Louisville Magazine

DEC 2018

Louisville Magazine is Louisville's city magazine, covering Louisville people, lifestyles, politics, sports, restaurants, entertainment and homes. Includes a monthly calendar of events.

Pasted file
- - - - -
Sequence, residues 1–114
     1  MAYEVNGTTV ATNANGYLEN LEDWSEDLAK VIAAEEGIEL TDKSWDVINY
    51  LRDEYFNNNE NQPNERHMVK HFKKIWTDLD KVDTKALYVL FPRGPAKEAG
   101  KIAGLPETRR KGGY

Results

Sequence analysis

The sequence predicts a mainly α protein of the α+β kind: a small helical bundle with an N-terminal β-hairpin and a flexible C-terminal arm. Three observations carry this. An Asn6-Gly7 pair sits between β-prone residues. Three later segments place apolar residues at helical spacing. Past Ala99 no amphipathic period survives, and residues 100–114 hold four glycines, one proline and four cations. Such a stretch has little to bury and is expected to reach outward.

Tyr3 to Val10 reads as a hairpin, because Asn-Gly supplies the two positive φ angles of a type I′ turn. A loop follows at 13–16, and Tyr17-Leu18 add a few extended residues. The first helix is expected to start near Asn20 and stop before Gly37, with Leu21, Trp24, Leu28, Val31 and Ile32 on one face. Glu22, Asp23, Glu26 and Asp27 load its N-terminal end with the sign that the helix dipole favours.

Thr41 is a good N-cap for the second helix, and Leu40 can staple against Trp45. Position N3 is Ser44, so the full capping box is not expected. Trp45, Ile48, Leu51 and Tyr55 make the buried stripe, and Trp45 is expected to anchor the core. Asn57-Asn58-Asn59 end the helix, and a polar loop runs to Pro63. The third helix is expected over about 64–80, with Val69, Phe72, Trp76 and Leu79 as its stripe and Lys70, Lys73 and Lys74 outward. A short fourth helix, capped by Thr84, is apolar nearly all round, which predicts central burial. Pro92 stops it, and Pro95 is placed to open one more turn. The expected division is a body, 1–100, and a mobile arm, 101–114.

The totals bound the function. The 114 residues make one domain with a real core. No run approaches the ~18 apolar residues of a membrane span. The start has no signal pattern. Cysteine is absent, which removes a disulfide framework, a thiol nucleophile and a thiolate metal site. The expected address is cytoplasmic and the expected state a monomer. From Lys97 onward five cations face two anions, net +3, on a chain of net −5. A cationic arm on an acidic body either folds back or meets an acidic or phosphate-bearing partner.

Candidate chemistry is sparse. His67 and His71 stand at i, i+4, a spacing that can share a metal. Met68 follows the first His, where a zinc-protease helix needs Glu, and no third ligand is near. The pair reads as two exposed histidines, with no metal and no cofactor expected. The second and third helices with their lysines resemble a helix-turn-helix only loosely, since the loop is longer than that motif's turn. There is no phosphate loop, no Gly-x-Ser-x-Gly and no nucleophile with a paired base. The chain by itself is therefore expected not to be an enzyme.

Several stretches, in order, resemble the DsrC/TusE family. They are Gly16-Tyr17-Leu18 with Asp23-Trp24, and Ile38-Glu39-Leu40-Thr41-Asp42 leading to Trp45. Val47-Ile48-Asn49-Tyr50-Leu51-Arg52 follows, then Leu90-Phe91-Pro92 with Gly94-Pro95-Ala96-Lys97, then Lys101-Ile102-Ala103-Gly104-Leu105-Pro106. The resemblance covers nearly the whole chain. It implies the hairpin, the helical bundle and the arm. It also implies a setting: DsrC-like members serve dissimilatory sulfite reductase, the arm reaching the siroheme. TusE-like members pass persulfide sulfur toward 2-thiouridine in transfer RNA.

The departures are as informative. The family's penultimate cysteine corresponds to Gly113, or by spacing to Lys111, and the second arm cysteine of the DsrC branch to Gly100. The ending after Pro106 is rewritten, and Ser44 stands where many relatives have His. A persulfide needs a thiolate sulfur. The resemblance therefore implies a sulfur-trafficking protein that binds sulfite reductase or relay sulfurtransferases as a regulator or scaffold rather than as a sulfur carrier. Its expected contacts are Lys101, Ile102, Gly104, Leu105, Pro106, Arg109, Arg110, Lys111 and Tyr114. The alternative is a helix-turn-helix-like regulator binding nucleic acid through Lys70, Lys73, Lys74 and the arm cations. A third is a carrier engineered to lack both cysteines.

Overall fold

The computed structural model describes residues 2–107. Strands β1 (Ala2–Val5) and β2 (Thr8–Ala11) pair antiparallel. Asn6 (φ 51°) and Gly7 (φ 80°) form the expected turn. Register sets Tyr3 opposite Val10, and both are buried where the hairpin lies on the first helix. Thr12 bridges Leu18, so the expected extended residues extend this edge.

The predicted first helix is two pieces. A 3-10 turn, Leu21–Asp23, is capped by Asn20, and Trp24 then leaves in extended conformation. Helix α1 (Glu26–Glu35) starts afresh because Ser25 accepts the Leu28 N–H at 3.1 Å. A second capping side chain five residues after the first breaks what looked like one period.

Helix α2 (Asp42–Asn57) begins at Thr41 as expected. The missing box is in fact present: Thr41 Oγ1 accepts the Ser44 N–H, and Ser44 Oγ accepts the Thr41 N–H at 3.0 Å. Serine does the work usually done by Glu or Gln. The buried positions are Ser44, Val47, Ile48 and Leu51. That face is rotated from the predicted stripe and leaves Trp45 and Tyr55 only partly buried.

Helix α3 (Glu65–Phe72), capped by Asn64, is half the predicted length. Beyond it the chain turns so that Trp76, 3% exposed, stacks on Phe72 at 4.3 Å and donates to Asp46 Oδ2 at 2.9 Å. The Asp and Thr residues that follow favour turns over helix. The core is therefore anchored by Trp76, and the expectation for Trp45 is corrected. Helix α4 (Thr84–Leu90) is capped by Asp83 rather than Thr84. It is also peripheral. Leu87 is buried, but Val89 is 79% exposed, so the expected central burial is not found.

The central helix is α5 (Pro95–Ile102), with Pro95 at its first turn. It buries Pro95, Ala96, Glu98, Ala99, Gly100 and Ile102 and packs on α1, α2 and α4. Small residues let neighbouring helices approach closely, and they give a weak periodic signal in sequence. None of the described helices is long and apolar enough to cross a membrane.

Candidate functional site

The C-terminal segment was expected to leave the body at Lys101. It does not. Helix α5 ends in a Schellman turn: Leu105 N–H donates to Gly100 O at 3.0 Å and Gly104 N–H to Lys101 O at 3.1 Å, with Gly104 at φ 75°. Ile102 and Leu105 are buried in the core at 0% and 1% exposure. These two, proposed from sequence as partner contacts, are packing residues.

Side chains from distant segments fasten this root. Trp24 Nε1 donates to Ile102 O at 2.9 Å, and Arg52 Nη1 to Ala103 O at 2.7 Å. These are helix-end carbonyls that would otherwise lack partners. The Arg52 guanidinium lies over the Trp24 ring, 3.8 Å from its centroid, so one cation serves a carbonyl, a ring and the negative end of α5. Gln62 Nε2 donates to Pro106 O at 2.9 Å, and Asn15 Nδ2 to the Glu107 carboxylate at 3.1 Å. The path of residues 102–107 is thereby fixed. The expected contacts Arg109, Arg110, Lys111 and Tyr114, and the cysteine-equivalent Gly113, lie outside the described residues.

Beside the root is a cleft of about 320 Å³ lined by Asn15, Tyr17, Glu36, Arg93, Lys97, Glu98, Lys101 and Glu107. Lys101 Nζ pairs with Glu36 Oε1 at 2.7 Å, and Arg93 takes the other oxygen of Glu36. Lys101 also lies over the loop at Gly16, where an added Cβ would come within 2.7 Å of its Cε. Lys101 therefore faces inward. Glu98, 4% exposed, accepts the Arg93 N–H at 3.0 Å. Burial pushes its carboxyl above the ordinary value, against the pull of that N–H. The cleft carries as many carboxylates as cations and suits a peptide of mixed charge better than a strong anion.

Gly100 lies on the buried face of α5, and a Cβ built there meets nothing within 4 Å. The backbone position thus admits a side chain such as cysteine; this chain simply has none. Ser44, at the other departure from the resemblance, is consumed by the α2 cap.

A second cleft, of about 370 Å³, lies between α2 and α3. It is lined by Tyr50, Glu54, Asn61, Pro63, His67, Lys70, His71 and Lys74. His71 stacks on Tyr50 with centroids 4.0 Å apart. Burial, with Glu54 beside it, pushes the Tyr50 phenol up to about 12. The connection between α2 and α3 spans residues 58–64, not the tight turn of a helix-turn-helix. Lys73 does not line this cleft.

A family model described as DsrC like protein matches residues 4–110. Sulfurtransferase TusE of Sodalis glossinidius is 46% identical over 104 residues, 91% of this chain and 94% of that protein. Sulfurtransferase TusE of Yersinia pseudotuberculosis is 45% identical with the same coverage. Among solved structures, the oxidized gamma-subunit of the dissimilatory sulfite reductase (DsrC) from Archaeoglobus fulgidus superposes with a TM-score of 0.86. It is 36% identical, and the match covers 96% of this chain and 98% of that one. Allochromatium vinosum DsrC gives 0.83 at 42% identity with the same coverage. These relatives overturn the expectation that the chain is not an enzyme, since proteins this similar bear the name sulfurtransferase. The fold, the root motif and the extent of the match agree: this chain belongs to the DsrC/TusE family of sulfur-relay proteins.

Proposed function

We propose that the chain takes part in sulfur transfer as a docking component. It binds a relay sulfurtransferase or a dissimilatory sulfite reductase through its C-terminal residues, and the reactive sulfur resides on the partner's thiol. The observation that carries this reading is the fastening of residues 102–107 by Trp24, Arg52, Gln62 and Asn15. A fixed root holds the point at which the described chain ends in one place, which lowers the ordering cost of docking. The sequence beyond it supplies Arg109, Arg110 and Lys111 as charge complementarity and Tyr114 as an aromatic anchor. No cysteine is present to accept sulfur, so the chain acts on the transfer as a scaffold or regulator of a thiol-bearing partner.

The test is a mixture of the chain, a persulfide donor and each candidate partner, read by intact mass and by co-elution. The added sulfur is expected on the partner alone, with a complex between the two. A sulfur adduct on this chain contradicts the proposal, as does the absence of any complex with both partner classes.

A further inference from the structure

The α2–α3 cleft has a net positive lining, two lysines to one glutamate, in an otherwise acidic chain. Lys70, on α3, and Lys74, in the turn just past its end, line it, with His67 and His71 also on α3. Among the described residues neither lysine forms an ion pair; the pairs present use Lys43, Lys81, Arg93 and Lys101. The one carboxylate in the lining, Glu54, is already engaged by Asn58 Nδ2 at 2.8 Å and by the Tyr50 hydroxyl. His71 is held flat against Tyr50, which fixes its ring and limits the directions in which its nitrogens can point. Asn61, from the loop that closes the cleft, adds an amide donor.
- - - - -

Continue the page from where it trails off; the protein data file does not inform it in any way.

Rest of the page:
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LOUISVILLE MAGAZINE 12.18 41 What are some things you've learned teaching at DuBois, which opened this school year and mostly consists of African-American males? "My background has been with high school students. My approach has had to change. I'm an upfront, honest teacher. Sixth-graders can't handle that as well as 16- and 17-year-olds. I've had to tone it down to reach younger children. •ey're a harder group to reach, because they're right in the middle of that transition between a small child and pre-teen. •e best thing I've done is to genuinely listen to my students and allow them to take more control of the class, more of the •ow." You're very involved with the kids — conducting home visits, staying after school with them. "I am extremely involved. And a lot of the teachers here are. I'm ECE ("exceptional child education," for students with learning disabilities) and my background is with special-needs students — I taught at schools where students were low- er functioning. So, literally, as a teacher, I've cut hair, I've clipped toenails, I've given rides — I've done everything. Not just me, but at the DuBois Academy, the line between teacher and parent is blurred. We've been called to a position where we do a lot of parenting to children who aren't ours so that they can be successful. Sometimes you have to have sta‹ that can pick up the student to go to a basketball game. Or go to an event on Saturday to help students. It's above and beyond the call of duty, but for these young men to be brave, they need to see us doing it. "It's teaching these young men how to be young men. How to carry themselves. How to respect themselves and respect others. How to live. How to function through this world as minority men. Because our experience in this society is di‹erent. I pride myself on teaching them things that aren't publicly spoken on that they need to know. For example, it's something as small as — I don't like seeing these young men walking around with hoods on their head. Yes, they have all the right in the world to do it, but if you know that makes people uncomfortable or suspicious of you, make the wise de- cision and don't walk into the store with a hood on your head. It isn't right that people in our society are so uncomfortable with you dressed like that, but I want you to be wise enough to know that, so you can make a wise decision. Because what matters more at the end of the day: walking around with a hood on or making it home safe? It may not be in a book, but it's things they need to know to survive in society." TROY DUNCAN EIGHT YEARS TEACHING W.E.B. DUBOIS ACADEMY SIXTH GRADE Can you talk about the DuBois Academy's mission of "culturally responsive teaching"? "I'm an African-American man. I know I may be pre-judged because I've got long braids, dreads, whatever you want to call it. But I pride myself on being a well-rounded man. I tell my students all the time: I can go in any setting in this city, and I know how to blend in. I can go to the art museum and •t in •ne or I can go to Shawnee Park and •t in •ne. My ultimate goal is to make opportunities for these young men. Whether that be going to college or being a plumber." In high school you were in a Men of Quality group at Male High School. Do you see similarities between that and DuBois? "In a nutshell, Men of Quality is a small version of what we're doing at this school. Men of Quality takes young Afri- can-American men and pairs them with an African-American mentor to expose them to new things. It taught me how to dress myself. How to code-switch, which is a huge thing — or, as I tell my gentlemen: knowing when to turn it on and turn it o‹. Men of Quality taught me that how I present my- self at a football game with my buddies is di‹erent than how I present myself at a job interview or when I'm sitting down with my principal and discussing my grades. Knowing how to switch my language, switch my looks. •at was the main thing: learning how to adapt to the environment that I'm in." „at had a big in…uence on you. Is there a speci†c teacher who really in…uenced you? "Hands down, Kevin Nix. He was my fourth- and •fth- grade teacher. I believe he retired from JCPS four or •ve years ago. (He brie•y served as an interim principal earlier this year.) He was my •rst male teacher. Until that point, I was a pretty rough kid. I had been referred to be in an ECE room, self-contained. I was an angry kid. Even till this day, I don't really know why I was angry. But in fourth grade, I was placed in Mr. Nix's class. I guess maybe it was the authority or his deliverance — he had a certain way of reaching young men. •at's when I started getting it together in school. I haven't seen him since I was a child, but I still credit where I am now to him. He was the cool teacher, the understanding teacher. •e teacher that, even though we were from the city and rough around the edges, he still treated us the same." Are there classes where you're teaching African-American culture? "No speci•c classes, but I •nd ways to incorporate that into it. Great example: For the last two weeks, I've been teach- ing unit rates, or calculating the rate of sales for anything — miles per gallon, how much apples cost per pound. A unit rate that I taught was BPM, beats per minute. How they measure the tempo of a song. Well, a way for me to embed African-American culture into that is through rap music. •ey love beat-making. •ey're beating on the tables constantly, rapping any chance they get. So, I made a math lesson incorporating beats."

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